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Contxto – Move over electric scooters cause here comes… the electric motorcycle? Next month, it’s expected that Voltz, a Brazilian electric motorcycle startup, will expand its physical presence into São Paulo.
Its first store opened in Recife, in November of last year.
What’s behind the bike?
Voltz’s motorcycles run at a top speed of 60 km/hour. When they’re out of juice, the bike’s lithium battery can be removed from the actual motorcycle and charged where there’s an available power outlet.
For every charge, the motorcycle can run on average 60 km. And according to the startup’s website, the maximum wait time for one of these babies to charge is four hours.
Sold at around R$9,000 (about US$2,150) Voltz’s motorcycles’ engines are European (Bosch) while the bikes themselves are manufactured in China.
As for its business model, like Tesla, the startup plans to leverage its own physical showrooms as places where a potential customer can inspect the motorcycles and test-drive them. If a person is sufficiently interested, they can complete the purchase of one of these motorcycles over Voltz’s website.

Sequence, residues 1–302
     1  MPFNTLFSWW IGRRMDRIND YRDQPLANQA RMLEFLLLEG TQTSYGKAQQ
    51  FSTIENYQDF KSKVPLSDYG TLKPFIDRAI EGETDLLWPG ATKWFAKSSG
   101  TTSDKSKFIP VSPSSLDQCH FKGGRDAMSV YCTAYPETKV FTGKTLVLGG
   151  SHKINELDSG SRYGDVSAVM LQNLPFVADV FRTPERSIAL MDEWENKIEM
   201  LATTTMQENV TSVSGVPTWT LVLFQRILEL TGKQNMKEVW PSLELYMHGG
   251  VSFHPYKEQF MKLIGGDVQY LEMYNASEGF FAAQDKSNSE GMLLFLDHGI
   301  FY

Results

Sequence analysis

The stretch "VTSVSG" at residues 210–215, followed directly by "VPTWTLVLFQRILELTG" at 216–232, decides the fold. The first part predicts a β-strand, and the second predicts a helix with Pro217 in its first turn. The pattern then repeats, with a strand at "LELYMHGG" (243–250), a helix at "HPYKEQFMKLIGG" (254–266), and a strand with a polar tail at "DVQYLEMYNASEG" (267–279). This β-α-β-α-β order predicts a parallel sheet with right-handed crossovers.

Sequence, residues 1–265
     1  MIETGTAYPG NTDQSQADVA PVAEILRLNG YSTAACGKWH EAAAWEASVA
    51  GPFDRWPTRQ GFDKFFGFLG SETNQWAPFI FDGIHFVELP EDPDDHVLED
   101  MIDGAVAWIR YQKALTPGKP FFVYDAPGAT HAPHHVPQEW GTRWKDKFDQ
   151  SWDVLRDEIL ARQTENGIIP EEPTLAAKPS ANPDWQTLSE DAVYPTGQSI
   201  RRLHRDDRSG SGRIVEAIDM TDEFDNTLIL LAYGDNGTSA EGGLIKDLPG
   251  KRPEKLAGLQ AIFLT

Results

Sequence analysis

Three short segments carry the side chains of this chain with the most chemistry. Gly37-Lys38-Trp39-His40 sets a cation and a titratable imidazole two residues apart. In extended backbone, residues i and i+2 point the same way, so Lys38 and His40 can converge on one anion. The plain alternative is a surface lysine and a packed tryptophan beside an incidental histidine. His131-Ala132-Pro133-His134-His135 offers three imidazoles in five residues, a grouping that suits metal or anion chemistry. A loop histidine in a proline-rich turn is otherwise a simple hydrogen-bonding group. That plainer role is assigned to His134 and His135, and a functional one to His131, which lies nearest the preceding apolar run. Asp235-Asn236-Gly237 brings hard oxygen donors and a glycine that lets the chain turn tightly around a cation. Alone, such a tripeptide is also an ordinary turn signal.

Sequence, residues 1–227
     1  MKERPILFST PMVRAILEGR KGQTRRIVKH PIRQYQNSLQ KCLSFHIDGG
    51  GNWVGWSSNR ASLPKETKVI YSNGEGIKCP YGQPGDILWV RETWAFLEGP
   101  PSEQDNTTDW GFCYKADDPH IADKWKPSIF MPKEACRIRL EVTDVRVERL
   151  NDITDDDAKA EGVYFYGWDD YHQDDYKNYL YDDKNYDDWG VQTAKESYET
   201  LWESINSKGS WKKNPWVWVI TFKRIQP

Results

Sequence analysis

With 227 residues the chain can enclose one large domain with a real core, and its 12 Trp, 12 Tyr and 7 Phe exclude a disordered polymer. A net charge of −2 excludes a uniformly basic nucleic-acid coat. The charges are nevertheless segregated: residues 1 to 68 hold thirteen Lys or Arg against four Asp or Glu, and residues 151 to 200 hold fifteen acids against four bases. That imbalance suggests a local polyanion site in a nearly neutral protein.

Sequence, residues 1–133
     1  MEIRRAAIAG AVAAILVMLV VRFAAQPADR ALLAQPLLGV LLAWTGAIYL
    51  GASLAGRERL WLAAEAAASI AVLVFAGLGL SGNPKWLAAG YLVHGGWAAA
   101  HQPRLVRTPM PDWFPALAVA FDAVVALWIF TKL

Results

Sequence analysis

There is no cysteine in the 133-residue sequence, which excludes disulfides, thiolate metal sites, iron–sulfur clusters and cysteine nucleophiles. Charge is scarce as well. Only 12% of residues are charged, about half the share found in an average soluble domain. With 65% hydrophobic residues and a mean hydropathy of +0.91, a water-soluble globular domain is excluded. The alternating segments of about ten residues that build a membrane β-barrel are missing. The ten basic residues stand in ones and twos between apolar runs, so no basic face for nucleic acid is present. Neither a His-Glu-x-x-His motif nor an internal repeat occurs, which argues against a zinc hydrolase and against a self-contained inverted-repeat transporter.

Likewise, it wants to roll out a franchising approach for its bikes with independent showrooms.
In addition to these plans, it also hopes to open workshops and accessory stores in more densely populated areas in Brazil.
The next “new” thing?
For Renato Villar, Voltz’s Founder, the need to offer these motorcycles was apparent.
“We saw that it [the e-mobility market] was growing a lot and we decided to study it more in-depth,” said the entrepreneur. “Then I understood how people ride a scooter, how their relationship was, and that there was already a great interest in the electric world. There was already a desire for electric mobility.”
A lot of premises at the wheel with Voltz are quite Tesla-like. But you, know at a more affordable price.
And it’s true, with rising environmental awareness, governments and businesses alike are turning to more eco-friendly alternatives.
But electric motorcycles and bikes aren’t the perfect solution.
A dark side to electric mobility
Many of these e-vehicles run on lithium-ion batteries. And like your average household battery, they must be collected and recycled. Otherwise, they contribute to pollution. In Europe, this is already a cause for regulatory concern. But it should be in Latin America too.
As electric-powered vehicles continue to rise, governments, businesses, and startups should look to solutions for the correct recycling and disposal of these energy sources. Likewise, users should complete their own due diligence regarding the environmental implications of the “green” options they’re offered.
Or else the point of all this eco-friendly prattle shall be for nothing.